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AtoZChallenge M: Murder Attempt at Haverfordwest

The Blogging from A to Z April Challenge is for bloggers who wish to participate, by publishing a blog post every day in April except for Sundays. Each blog post will focus on a letter of the alphabet. For example April 1 will be A, April 2 will be B, April 3 will be C, and on it goes. By the end of April, a blog post for every letter of the alphabet will have been published.   Blog posts are usually on a theme, or you can choose to post each day with no theme at all. My theme for 2024 is “Haverfordwest in the News”. Haverfordwest is a town in the county of Pembrokeshire, Wales.

#AtoZChallenge 2024 letter M

from:  Cardiff Times, Saturday 11 February, 1888, page 6
At a special sessions held on Saturday at Haverfordwest — before Messrs T. Rule Owen and Joseph Thomas — Maria Williams, a widow, residing at the Fold, near Merlin’s Bridge, Haverfordwest, was brought up, on remand, charged with attempting to administer poison to her daughter, Laura Williams, aged 14. The case has excited great interest in the neighbourhood, and the court was crowded during the hearing. Nothing in the evidence adduced, showed the motive for the alleged attempt.

The first witness examined was the young girl herself, who gave her evidence in a clear and unhesitating manner. She stated that she obtained some rat poison from Mr Rees, chemist, at Haverfordwest. She purchased three pennyworth, which she brought home, and placed on the dresser. She opened the package, and placed some of the poison on three pieces of bread for the rats, and put it on the floor of a room upstairs. Her mother, who was in bed in the next room at the time, sent a younger sister downstairs for the poison, and placed it on the bed. Witness did not see the poison afterwards.

This was on the Sunday, and she was from home until the following Wednesday, when she returned to the house, accompanied by a Mrs. Pritchard.  Her mother was then in bed, and asked for some tea. There being none in the pot, she said she would rather have a basin of gruel, which the witness got for her. It was taken up to the mother by a younger sister. Mrs Pritchard then left the house and witness went part of the way home with her.

On her return, her mother was sitting by the fire. She asked witness to boil her two eggs, as she did not like the gruel, and asked witness to taste it. Witness took a spoonful of the gruel but spat it out, as she thought it tasted rather strangely. Witness said to her mother that she did not like it, whereupon the mother observed that she thought there was rather too much ginger in it. Witness added that her mother then told her to go to the garden to get some leeks for broth. On returning with these, she found the door locked, and the mother forbade her sister opening it.

The mother, however, went to bed, and the sister opened the door. She then put on her hat and jacket, and took the basin of gruel to Mrs Pritchard, Merlin’s Bridge, and a Mr James Hicks came in and swallowed a spoonful of it. He took another in his mouth but spat it out. The basin and gruel were produced in court at this point, and identified by the witness. Inspector Francis pointed out that witness had not spoken as to the gruel alleged to have been given to her, on the Sunday night, when the witness said that she had thrown it away owing to the smell,—Mr W. J. Jones, who appeared for the defence, endeavoured in cross-examination to elicit from the witness an admission that she had told a woman named Jacks,  that she put the poison in the gruel, but this she denied, and said that Mrs Jacks had tried to induce her to make a statement to that effect.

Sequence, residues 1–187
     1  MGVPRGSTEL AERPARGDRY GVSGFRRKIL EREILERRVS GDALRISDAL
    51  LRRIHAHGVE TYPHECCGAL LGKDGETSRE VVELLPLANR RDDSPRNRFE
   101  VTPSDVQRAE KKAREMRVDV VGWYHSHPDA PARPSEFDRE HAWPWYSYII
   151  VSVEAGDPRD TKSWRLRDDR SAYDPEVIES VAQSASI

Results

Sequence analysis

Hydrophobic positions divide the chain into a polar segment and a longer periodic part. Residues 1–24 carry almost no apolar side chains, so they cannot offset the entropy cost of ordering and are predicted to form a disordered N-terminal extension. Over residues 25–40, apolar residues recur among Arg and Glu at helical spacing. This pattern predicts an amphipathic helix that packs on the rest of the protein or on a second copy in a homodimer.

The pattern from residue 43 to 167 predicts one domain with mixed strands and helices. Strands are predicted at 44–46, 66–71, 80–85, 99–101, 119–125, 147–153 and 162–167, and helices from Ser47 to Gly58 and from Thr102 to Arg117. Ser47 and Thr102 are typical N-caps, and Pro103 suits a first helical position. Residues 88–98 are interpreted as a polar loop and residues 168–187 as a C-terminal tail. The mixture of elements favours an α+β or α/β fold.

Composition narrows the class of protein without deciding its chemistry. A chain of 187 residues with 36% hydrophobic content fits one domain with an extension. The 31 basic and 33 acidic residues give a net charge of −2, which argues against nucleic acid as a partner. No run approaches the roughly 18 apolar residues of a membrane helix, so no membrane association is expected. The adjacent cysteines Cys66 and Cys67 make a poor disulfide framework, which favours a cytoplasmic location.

Mrs. Pritchard gave corroborative evidence. Mr James Hicks said that he foolishly swallowed a spoonful of the contents of the basin, which made him very sick. It smelt very much of lucifer matches, and caused him to vomit. He took possession of the basin, and afterwards handed it to P.C. Devonald, and the latter now identified the basin and its contents.

The accused was remanded. Bail was refused.

The charge against Maria Wiiliam, of the Fold, near Merlin’s Bridge, Haverfordwest, of attempting to administer poison to her daughter, Laura Williams, aged 14 years, which was adjourned from Saturday last, again came on for hearing before Mr Rule Owen (mayor) and Mr J. Thomas. P.C. Devonard proved delivering to Mr. W. Morgan, analyst, Swansea, the basin containing the gruel, as received from Mr James Hicks.

Mr W. Morgan, analyst, stated that he received from P.C. Devonard on Sunday last, a basin containing gruel, and which, on examination, he found to contain phosphorus, but he could not say at present there was sufficient to destroy life. The Chief Constable, in reply to Mr T. Rule Owen, said he was not prepared to produce corroborative evidence that the poison was administered by prisoner.  The Bench found there was not sufficient evidence to justify them  in committing the prisoner for trial, and she was accordingly discharged.

**Please notePunctuation and paragraphs have been added to the above transcription for ease and speed of reading.

1888, ALLEGED ATTEMPTED MURDER AT HAVERFORDWEST, Cardiff Times, Saturday 11 February 1888. retrieved on 10 August 2023 from britishnewspaperarchive.co.uk.



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2 thoughts on “AtoZChallenge M: Murder Attempt at Haverfordwest”

  1. I wanted the answer to that question too Anne. It seems to me that punishments were either so lenient or so harsh that they were ridiculous. You could be right about the reason.

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